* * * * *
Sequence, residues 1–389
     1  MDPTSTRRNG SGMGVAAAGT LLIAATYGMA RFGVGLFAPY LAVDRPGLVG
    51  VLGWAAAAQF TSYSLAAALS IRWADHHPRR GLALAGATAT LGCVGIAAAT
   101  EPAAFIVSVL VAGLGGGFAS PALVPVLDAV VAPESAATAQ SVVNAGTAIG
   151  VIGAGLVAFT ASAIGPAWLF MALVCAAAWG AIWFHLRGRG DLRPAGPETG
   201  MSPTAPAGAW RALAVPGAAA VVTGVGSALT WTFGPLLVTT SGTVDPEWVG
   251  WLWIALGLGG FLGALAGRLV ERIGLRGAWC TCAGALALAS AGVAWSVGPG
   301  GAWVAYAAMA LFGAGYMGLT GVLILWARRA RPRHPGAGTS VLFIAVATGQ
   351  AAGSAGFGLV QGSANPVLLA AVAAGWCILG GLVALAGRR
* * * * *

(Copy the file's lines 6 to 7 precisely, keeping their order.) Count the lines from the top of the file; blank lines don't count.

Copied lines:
   201  MSPTAPAGAW RALAVPGAAA VVTGVGSALT WTFGPLLVTT SGTVDPEWVG
   251  WLWIALGLGG FLGALAGRLV ERIGLRGAWC TCAGALALAS AGVAWSVGPG